Father stresses importance of vaccination after 29-year-old son dies of flu

Father stresses importance of vaccination after 29-year-old son dies of flu
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More than 650 miles away in South Carolina, Jeb Teishman got the phone call no parent wants to get.”His cousin and roommate (were) calling me just before midnight that he couldn’t wake Brent up,” Dr. Teishman said as he fought back tears.Teishman, a retired pediatrician, had just talked to his 29-year-old son Brent who was battling the flu. Brent was living in Jeffersonville, Indiana, at the time.”We talked, I told him to stay hydrated, take some Tylenol or ibuprofen, give this another day to blow over, and I talked to him the next day and he was a little better, his fever went down,” Teishman said.But Brent did not recover.Now three years after his death, his dad — a pediatrician for more than 30 years — is urging others to get the flu shot.”As a pediatrician, I have always been a fierce advocate of vaccination of all kinds. Until COVID, influenza was the number one vaccine-preventable cause of death in this country and I made sure my family got their flu shot every year. You know, when they are 29, you can’t drag them by the hand and bring them to the office to get them to get their vaccine. Brent said it was on his to-do list and he never got around to it,” Teishman said.Dr. Kenneth Anderson, chief medical officer at Baptist Health, is encouraging everyone to get the flu shot. That’s as doctors fear a rise of COVID-19 and flu cases this winter.”It is important for all of us to get our yearly flu shot. As a pulmonologist in the ICU, we would have sick people every year in the ICU from flu, usually more elderly people, occasionally (a) young person,” Anderson said.It’s a pain all too real for Teishman.”Brent’s legacy is my advocacy for vaccination. I am working with two different vaccine advocate organizations to get the message out that it is really important to get vaccinated,” Teishman said.Related video: Flu shot ‘doubly important’ this year, CDC director saysAnd his friends and fellow health professionals are too.Brent’s picture still hangs in the exam rooms where he once worked, a constant reminder to encourage all patients to get their flu shots.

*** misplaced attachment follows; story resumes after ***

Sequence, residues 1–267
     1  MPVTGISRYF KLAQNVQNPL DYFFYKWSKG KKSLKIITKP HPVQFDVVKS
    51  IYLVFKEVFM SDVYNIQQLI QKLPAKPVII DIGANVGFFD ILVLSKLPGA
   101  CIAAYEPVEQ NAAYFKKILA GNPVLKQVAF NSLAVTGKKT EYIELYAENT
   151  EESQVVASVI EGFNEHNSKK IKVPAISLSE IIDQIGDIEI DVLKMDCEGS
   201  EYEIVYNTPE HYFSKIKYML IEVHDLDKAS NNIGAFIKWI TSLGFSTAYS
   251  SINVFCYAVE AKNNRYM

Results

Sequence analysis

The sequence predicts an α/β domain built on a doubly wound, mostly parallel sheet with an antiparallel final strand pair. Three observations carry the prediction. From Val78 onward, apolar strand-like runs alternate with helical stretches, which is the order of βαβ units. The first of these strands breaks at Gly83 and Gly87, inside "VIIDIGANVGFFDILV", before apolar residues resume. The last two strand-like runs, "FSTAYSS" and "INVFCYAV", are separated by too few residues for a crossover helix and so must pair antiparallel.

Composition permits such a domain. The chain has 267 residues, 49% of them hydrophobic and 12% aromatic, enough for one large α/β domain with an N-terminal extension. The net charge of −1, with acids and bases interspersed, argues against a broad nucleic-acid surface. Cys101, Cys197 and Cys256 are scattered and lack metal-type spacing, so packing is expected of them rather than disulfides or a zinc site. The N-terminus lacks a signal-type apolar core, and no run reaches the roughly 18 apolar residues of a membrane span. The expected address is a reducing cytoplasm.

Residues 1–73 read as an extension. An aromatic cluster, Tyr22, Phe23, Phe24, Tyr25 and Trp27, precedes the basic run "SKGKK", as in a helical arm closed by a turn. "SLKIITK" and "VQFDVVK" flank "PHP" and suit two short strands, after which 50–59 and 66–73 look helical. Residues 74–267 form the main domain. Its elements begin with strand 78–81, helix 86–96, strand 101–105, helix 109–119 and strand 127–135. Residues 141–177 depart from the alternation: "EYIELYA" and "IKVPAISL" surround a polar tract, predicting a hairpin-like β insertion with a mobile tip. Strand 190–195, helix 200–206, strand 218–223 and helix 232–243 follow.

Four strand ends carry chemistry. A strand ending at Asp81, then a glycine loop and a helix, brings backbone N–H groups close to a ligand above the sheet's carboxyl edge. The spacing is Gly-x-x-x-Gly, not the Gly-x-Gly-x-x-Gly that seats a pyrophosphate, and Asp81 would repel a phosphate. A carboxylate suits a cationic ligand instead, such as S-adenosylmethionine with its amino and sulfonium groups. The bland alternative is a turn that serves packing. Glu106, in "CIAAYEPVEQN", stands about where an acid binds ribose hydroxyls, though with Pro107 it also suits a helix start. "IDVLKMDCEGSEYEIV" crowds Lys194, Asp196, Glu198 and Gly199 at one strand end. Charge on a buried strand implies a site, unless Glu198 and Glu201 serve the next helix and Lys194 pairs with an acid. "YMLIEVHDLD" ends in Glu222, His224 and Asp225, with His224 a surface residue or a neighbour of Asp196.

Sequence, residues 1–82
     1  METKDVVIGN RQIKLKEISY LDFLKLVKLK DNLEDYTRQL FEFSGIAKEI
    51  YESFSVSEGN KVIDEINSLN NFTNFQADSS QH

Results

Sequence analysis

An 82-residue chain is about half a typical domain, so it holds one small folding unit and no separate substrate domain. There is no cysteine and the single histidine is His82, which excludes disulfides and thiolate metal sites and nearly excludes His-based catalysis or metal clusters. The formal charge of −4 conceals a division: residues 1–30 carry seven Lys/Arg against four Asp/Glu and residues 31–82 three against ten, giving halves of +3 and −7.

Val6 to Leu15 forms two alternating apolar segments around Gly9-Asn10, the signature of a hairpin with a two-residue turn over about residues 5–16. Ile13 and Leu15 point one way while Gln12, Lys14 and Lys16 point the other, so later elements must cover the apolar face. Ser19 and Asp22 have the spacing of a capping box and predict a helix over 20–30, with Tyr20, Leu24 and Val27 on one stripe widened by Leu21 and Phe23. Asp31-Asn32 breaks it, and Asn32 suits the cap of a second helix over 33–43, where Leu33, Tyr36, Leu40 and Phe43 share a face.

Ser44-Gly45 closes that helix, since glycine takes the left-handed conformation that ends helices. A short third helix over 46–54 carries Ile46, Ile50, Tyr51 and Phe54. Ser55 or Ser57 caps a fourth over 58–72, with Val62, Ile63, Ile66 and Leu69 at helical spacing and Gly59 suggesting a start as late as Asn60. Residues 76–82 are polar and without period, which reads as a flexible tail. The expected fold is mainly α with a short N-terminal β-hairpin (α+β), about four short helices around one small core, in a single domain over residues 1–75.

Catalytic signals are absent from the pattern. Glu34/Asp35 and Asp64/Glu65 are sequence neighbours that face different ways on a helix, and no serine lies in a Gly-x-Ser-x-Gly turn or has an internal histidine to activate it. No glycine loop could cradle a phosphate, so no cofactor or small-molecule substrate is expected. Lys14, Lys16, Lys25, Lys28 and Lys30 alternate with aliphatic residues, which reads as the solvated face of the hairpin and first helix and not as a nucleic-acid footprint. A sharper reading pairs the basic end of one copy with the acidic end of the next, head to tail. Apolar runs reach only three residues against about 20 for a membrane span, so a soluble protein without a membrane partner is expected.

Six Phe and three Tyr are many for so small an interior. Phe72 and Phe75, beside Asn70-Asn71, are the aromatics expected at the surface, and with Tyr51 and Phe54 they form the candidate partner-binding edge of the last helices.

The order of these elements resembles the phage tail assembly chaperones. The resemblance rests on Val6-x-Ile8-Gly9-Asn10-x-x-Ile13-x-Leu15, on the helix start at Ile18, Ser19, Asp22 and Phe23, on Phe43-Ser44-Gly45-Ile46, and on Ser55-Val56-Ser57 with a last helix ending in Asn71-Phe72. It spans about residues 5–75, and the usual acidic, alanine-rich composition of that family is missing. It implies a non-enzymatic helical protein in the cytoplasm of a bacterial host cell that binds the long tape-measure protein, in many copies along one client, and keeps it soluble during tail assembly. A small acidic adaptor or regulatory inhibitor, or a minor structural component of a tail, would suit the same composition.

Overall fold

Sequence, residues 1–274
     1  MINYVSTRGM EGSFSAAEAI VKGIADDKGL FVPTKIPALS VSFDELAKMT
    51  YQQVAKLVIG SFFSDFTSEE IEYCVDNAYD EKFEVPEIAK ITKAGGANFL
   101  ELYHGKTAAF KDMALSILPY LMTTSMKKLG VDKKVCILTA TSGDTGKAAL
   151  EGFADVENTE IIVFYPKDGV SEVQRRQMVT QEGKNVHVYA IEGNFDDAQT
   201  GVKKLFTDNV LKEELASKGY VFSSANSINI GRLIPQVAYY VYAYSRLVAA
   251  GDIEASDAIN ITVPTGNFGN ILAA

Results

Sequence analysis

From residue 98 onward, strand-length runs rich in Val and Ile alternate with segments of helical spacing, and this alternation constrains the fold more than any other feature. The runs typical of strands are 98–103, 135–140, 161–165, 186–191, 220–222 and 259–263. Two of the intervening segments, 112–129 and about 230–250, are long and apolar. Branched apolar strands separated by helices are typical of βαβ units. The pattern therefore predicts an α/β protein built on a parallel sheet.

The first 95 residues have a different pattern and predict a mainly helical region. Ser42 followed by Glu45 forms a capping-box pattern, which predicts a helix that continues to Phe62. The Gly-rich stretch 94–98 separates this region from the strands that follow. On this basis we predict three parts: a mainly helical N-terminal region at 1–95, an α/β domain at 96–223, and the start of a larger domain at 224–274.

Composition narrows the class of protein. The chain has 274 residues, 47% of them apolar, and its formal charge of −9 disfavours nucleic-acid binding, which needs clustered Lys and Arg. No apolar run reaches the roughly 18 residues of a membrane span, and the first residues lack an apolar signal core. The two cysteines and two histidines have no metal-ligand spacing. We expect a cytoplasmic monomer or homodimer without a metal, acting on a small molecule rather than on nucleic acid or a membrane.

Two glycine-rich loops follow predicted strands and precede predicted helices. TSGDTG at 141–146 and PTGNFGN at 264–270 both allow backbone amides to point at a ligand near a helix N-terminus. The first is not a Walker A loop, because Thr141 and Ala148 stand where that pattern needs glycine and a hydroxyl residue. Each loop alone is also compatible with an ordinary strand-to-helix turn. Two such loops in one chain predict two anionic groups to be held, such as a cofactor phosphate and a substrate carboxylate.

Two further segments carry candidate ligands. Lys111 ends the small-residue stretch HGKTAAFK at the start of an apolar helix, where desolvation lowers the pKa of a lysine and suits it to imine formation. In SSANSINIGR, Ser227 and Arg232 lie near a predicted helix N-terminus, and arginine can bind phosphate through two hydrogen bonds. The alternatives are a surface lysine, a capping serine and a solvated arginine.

More than 650 miles away in South Carolina, Jeb Teishman got the phone call no parent wants to get.

“His cousin and roommate (were) calling me just before midnight that he couldn’t wake Brent up,” Dr. Teishman said as he fought back tears.

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Teishman, a retired pediatrician, had just talked to his 29-year-old son Brent who was battling the flu. Brent was living in Jeffersonville, Indiana, at the time.

“We talked, I told him to stay hydrated, take some Tylenol or ibuprofen, give this another day to blow over, and I talked to him the next day and he was a little better, his fever went down,” Teishman said.

But Brent did not recover.

Now three years after his death, his dad — a pediatrician for more than 30 years — is urging others to get the flu shot.

“As a pediatrician, I have always been a fierce advocate of vaccination of all kinds. Until COVID, influenza was the number one vaccine-preventable cause of death in this country and I made sure my family got their flu shot every year. You know, when they are 29, you can’t drag them by the hand and bring them to the office to get them to get their vaccine. Brent said it was on his to-do list and he never got around to it,” Teishman said.

Dr. Kenneth Anderson, chief medical officer at Baptist Health, is encouraging everyone to get the flu shot. That’s as doctors fear a rise of COVID-19 and flu cases this winter.

“It is important for all of us to get our yearly flu shot. As a pulmonologist in the ICU, we would have sick people every year in the ICU from flu, usually more elderly people, occasionally (a) young person,” Anderson said.

It’s a pain all too real for Teishman.

“Brent’s legacy is my advocacy for vaccination. I am working with two different vaccine advocate organizations to get the message out that it is really important to get vaccinated,” Teishman said.

Related video: Flu shot ‘doubly important’ this year, CDC director says

And his friends and fellow health professionals are too.

Brent’s picture still hangs in the exam rooms where he once worked, a constant reminder to encourage all patients to get their flu shots.

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